San Francisco is actually the coolest city In America, both culturally and climatically. Built on the hills along the southern shore of the win promontories which form the Golden Gate, the entrance to San Francisco Bay, SanFran, or just SF to the locals, is noted for having a very mixed bag of weather. Indeed, one of the fun things to do in San Francisco is simply to try to work out which part of the city is likely to offer the best weather when you want to be out exploring.
From beautiful blue-sky days in September, when the temperature might get up to 88, to long gray days in January, where day time temperatures might fall as low as 48, San Francisco is blessed with more ‘weather’ than almost any other city in the US. Because of the wind and the water and the hills, almost every district in San Francisco has its own microclimate, and a local saying suggests that, if you don’t like the weather you should just walk over the next hill – one of the many unique things to do in San Francisco.
San Francisco has a very equable climate overall, but there is something else you need to know – one of the city’s most listened to radio stations is called simply – K-FOG. Because of the moisture-laden air coming in off the sea, mixed with the warmer dry air coming in from the hot dry terrain to the north and east of the bay area, there is a lot of fog in San Francisco. But don’t let yourself be put off by any climactic issues you might encounter in San Francisco, the city is quite simply the most spectacular and most interesting city in America. From Fisherman’s Wharf to Coit Tower, and from the Google Campus to the Golden Gate Park in San Francisco, the city is simply the best.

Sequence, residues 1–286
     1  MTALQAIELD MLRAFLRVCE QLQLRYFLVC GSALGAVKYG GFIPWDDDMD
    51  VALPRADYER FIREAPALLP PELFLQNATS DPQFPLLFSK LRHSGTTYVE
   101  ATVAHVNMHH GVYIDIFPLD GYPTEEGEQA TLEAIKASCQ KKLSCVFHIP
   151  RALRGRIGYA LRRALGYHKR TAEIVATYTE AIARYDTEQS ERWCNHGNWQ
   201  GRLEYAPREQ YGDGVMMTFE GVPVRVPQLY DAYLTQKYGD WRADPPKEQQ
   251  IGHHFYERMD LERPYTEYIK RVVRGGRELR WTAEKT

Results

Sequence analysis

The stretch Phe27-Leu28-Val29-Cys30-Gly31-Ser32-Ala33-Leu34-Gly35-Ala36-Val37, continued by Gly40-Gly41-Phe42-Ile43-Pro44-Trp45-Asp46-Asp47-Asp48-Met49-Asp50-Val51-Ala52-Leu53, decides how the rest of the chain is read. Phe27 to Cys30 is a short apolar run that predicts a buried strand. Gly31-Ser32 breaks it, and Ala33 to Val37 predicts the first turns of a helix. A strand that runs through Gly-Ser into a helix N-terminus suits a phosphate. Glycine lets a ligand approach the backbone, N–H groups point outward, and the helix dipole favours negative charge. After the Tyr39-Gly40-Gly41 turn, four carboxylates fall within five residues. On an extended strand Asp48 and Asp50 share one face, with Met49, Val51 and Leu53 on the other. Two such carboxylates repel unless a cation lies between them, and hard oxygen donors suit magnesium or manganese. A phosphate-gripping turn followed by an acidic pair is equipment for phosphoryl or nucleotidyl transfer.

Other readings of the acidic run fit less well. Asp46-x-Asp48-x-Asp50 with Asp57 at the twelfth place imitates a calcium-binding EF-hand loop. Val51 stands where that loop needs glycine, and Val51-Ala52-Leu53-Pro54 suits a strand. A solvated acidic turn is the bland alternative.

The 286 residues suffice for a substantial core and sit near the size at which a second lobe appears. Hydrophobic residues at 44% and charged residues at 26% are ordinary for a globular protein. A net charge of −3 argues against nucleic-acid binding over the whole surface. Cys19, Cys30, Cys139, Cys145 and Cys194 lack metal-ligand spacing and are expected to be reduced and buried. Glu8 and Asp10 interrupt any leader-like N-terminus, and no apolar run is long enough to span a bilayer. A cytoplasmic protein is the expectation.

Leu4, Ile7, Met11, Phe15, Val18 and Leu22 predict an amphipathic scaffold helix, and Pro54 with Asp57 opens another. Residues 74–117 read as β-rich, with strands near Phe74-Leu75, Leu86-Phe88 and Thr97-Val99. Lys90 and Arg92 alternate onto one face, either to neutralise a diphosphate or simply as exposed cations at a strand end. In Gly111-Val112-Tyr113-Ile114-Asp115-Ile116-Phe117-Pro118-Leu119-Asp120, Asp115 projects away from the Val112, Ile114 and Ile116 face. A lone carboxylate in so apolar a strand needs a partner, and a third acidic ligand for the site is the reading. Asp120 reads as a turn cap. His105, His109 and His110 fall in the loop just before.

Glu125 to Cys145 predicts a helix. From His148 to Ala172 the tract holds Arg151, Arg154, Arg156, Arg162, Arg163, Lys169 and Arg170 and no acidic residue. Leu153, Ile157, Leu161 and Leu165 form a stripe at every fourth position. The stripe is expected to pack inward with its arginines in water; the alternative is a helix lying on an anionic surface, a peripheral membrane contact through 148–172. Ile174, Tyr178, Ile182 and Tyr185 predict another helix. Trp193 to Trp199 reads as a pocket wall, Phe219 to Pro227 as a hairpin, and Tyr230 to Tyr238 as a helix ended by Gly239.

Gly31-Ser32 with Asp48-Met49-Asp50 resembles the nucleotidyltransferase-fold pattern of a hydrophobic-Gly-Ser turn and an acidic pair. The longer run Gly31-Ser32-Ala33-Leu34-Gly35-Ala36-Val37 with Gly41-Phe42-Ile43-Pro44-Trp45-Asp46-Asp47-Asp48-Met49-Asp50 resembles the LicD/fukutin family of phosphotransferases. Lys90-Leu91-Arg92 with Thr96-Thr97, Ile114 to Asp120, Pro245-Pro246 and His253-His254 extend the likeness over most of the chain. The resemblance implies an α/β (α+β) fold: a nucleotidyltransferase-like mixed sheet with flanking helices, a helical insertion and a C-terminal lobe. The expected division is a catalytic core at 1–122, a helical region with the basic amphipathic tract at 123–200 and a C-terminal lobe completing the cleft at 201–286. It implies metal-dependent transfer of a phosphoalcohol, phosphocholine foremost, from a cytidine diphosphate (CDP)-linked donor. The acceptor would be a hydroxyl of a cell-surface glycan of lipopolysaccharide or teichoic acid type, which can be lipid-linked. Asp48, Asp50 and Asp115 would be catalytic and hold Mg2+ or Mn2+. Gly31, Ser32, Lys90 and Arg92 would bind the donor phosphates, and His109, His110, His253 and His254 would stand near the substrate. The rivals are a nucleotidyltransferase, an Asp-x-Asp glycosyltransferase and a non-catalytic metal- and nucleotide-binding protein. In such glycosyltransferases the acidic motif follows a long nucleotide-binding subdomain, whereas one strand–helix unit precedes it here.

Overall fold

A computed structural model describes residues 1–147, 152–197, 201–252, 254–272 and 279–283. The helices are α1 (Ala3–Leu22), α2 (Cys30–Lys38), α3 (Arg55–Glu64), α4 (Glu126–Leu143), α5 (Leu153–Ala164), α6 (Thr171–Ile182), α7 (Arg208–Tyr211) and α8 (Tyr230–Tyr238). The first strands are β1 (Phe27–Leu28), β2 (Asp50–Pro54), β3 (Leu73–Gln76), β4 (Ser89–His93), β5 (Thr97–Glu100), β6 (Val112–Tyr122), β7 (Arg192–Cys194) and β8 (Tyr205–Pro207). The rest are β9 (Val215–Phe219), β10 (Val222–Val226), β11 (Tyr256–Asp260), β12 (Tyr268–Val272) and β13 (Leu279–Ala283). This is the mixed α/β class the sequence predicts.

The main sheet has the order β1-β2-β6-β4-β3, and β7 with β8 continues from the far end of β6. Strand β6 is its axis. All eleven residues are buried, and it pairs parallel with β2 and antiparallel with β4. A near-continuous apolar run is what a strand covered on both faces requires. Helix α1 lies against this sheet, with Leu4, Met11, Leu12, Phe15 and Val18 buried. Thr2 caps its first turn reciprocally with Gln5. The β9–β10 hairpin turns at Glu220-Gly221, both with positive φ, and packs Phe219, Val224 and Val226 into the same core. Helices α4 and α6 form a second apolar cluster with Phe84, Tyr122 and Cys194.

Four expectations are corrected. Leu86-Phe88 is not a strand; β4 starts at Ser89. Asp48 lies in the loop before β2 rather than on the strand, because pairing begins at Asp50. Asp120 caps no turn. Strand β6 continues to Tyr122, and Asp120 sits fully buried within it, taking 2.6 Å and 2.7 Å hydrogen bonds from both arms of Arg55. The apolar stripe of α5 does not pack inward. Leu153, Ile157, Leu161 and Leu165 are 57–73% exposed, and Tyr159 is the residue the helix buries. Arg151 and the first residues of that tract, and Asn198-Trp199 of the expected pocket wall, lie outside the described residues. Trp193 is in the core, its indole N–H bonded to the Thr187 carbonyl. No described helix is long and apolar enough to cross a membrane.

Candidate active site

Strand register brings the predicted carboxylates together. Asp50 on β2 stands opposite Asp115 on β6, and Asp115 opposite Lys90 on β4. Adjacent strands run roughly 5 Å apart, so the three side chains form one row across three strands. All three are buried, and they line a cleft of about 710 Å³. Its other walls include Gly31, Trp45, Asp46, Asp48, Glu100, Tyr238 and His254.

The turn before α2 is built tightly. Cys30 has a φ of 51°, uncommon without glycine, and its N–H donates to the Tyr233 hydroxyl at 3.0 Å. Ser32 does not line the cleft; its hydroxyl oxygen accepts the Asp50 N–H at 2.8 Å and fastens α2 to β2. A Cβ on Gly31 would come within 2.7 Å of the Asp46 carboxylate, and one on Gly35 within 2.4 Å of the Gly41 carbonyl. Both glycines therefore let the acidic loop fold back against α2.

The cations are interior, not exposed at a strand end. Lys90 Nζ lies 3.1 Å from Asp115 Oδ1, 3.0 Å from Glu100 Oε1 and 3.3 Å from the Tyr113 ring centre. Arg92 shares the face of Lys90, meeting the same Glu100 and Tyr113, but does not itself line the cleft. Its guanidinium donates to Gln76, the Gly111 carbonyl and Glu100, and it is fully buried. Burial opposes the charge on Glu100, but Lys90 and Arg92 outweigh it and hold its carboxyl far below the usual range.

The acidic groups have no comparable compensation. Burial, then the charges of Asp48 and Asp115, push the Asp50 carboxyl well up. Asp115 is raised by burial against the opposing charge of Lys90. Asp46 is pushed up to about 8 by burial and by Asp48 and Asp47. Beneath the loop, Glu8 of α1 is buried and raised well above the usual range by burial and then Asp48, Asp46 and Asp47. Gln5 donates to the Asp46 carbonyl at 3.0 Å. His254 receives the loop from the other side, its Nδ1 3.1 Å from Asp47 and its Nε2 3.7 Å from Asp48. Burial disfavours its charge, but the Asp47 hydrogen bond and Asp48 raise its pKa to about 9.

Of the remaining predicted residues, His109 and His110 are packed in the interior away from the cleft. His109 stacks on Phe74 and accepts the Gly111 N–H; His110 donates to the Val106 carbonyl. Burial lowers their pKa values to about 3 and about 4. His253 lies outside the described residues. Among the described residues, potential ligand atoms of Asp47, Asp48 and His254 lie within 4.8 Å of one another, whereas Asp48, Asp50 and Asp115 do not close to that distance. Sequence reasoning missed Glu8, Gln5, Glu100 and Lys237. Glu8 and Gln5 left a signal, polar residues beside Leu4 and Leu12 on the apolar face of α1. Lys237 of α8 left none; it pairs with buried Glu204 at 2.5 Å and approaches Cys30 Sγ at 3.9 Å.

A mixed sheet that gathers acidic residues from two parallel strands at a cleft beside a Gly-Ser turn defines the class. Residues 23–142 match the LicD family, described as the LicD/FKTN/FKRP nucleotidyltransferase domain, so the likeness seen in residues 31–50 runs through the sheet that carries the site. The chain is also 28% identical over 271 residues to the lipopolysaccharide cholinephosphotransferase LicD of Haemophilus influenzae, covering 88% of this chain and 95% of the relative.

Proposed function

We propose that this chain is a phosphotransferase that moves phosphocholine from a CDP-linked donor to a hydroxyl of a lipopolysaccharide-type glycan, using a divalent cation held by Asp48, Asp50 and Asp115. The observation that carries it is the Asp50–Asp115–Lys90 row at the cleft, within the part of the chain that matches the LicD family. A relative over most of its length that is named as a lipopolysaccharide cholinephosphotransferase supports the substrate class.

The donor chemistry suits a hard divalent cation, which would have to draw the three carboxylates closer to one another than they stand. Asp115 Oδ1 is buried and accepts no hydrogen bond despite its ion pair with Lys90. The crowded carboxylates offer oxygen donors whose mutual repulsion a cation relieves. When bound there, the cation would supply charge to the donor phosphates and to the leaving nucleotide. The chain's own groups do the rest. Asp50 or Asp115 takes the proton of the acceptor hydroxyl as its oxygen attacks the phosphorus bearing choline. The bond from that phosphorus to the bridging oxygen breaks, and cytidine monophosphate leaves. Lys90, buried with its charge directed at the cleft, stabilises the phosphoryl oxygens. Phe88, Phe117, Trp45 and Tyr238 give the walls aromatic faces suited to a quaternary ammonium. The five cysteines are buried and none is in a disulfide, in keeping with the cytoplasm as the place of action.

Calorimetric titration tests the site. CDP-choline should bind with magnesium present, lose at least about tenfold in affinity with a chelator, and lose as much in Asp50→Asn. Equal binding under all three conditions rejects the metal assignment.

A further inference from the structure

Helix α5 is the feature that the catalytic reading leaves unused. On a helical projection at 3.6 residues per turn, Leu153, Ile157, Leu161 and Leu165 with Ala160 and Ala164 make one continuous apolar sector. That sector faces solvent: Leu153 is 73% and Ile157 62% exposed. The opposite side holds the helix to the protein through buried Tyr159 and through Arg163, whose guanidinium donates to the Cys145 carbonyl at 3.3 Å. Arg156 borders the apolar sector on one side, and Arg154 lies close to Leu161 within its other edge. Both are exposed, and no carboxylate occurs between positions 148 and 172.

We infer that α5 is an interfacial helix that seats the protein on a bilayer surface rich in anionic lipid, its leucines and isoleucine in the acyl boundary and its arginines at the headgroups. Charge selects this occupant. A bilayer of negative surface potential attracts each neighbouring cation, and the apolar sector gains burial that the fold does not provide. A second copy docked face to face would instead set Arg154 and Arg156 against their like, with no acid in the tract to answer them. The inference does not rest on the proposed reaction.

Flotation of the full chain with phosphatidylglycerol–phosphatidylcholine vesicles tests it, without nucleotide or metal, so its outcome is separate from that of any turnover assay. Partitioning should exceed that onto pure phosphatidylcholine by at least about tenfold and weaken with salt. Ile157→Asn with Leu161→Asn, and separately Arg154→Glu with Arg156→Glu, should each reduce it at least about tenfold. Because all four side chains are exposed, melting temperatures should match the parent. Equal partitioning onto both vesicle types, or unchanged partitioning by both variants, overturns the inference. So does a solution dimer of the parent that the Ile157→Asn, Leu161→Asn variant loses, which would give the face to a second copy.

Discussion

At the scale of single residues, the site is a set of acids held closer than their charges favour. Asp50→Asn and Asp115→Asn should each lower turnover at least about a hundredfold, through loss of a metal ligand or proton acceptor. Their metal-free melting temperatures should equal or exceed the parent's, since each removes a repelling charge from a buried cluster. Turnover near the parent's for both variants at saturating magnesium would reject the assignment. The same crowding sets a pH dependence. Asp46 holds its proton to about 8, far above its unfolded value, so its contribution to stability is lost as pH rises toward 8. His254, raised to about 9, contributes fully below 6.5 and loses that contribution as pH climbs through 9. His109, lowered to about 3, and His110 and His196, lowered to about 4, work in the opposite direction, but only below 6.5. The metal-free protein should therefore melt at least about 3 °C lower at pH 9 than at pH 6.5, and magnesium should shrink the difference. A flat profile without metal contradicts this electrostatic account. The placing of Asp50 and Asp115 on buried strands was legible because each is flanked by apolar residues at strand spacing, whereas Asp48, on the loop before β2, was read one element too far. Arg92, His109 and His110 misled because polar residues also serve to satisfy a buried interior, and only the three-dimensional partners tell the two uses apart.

#1 The Rock
Alcatraz is located in San Francisco Bay, just over a mile from San Francisco itself. A lighthouse was built on the island which became operational in July 1853, making it the oldest working light on America’s west coast. Later the island was acquired by the US government which planned to fortify the island to protect San Francisco from naval bombardment.
The Alcatraz facility was finally transferred from military control and transferred to the Bureau of Prisons in 1933. Alcatraz operated as a federal prison from 1934 until it was ordered to be closed by Robert F. Kennedy, then the US Attorney General, in March of 1963. During that 29-year period, Alcatraz became known as one of the toughest prisons in the world. Today the island is a tourist destination, and Alcatraz Tours are just a fifteen-minute ferry ride from Pier 33, and a must on the San Francisco Bucket list. (PAID – $40.00)
#2 Silicon Valley
An important part of the Bay Area economy is what is called Silicon Valley. The name stems from the many silicon chip makers and hardware companies that set up in the area in the early seventies. These days almost all the money is in software and a drive around such cities as Palo Alto, Menlo Park and Mountain View, will reveal the headquarters or major facilities of such household names as Adobe, Google, Apple, eBay, Facebook, Intel, Netflix, Oracle, Tesla, and a thousand more.
One of the cheap things you can do in San Francisco is to simply drive south on 101 with a Silicon Valley tourist map, and pop in to see some of the fantastic campuses and outstanding buildings these mega-names have built for themselves. (FREE)
#3 Cable Cars
One of the great places to visit in San Francisco is Market Street. Not simply for the shopping but for the trolley rides. As we have said, San Francisco is a city of many hills and if you are going to walk up and down them all then you are going to be a sore-footed traveler by the end of the day. Fortunately, the San Francisco Cable Cars can save you all that trouble.